All hope and audacity aside, the math of second-term presidential power is pitiless.
After winning re-election by 3.5 million votes in 2004, George W. Bush declared that "I earned capital in this campaign, political capital, and now I intend to spend it." Within months, the 43rd president's signature post-election initiative, creating private accounts for Social Security, was declared dead on arrival by the Republican-controlled House of Representatives. In the last Bush midterm election of 2006, energized Democrats re-took control of Congress. So much for second-term capital.
Bill Clinton was impeached halfway through his second term. Richard Nixon resigned in disgrace. Ronald Reagan's Republicans lost control of the Senate in 1986, and the Gipper spent the rest of his presidency backpedaling on a botched arms-for-hostages swap.
The five second-term presidents prior to Reagan —Lyndon Johnson, Dwight Eisenhower, Harry Truman, Franklin Roosevelt, Woodrow Wilson—had it even worse during their midterms, averaging losses of 39 House and seven Senate seats. If President Barack Obama met the same fate in 2014, the Senate would turn Republican and the House would feature its largest GOP majority since 1929.
Though that outcome may seem unlikely now, it is a statistical near-certainty that the pendulum of two-party politics swings decisively away from presidents in years five through eight of their tenure. Americans tire of the bully at the pulpit, same-party congressmen lose their fear of breaking ranks, and the media turns its attention to the next presidential contest.
So it should come as no surprise that, even after winning the popular vote by 5 million and talking up his "mandate," Obama has been so rudely introduced to his own impotence. The first big blow was the March 1 sequester spending trim, carried out over his howls of protests and predictions of catastrophe. As possibilities for compromise with Republicans floated away, so, too, did dim hopes of a "grand bargain" on long-term entitlement spending.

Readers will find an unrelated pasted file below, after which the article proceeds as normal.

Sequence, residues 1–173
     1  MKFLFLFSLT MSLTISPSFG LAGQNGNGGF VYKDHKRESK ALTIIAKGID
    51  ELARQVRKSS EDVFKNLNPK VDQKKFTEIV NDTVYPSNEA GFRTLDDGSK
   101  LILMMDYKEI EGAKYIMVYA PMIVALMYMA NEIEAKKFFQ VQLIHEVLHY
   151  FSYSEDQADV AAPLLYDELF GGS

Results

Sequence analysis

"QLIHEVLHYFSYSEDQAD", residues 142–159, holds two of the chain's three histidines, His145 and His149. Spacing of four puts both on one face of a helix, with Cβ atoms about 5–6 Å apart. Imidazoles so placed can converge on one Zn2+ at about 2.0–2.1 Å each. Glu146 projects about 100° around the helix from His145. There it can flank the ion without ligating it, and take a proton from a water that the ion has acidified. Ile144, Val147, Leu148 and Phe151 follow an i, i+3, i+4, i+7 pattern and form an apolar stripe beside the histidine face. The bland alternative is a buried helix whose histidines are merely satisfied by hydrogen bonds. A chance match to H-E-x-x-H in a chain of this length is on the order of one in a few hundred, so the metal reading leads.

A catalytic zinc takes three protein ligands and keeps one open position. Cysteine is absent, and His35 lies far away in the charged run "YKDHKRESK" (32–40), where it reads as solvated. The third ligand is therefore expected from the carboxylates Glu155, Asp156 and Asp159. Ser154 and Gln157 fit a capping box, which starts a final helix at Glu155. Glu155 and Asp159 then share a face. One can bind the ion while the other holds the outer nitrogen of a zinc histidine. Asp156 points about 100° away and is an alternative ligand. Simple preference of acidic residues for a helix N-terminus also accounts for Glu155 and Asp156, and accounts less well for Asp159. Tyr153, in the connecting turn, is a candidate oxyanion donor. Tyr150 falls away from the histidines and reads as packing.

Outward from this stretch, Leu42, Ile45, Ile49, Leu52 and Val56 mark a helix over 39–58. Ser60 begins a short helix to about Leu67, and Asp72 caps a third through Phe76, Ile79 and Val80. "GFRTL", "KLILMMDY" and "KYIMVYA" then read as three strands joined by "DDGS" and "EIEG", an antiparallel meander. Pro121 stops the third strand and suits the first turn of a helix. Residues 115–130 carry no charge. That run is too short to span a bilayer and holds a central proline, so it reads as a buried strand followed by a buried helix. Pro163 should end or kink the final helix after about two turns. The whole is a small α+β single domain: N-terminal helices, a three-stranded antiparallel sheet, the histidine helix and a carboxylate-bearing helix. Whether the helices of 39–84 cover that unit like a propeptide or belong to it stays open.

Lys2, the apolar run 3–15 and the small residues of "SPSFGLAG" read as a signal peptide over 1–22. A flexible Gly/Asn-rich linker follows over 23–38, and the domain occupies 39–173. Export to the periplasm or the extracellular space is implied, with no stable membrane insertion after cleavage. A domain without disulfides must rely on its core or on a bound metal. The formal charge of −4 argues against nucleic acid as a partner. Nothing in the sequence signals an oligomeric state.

Thus, the president who came into office in January 2009 vowing that the "hard decisions" on long-term entitlement promises would be "made under my watch, not someone else's," because "we are now at the end of the road and are not in a position to kick [the can] any further," will instead hand off a ticking entitlement bomb to his successor. Not a happy legacy, that.
Obama also spent the first few months of his second-term political capital on a series of gun control measures that became less popular the more he stumped for them. After even a comparatively mild and popular background check expansion failed in the Senate, the chief executive looked more petulant than presidential, calling it "a pretty shameful day for Washington," and claiming, falsely, that "there were no coherent arguments as to why we wouldn't do this." (For several coherent arguments on precisely that topic, consult in particular Senior Editor Jacob Sullum's work at reason.com.)
At a press conference not long after the gun defeat, Obama was asked by ABC News reporter Jonathan Karl, "Do you still have the juice to get the rest of your agenda through this Congress?" The president looked down, laughed awkwardly, and said, "If you put it that way, Jonathan, maybe I should just pack up and go home. Golly!"
It doesn't have to be this painful. Second-term presidents have basically two options: Look creatively for domestic reforms that appeal to the opposition party, or use the executive branch's considerable discretion to make significant directional changes in U.S. policy.
Since Obama lacks Bill Clinton's ideological slipperiness, at a time that Democrats have entrenched themselves considerably to the left of Clinton on economic issues and Republicans have hardened in opposition, the reaching-out strategy is probably a non-starter. The last real possible exception to that rule is comprehensive immigration reform, where electorally motivated Republicans were still negotiating with Senate Democrats at press time, while Obama stayed away from the fray. While progress on a reform bill has gone further than I expected, it still faces an uphill climb, and at any rate marks the last big bipartisan legislative package on the horizon.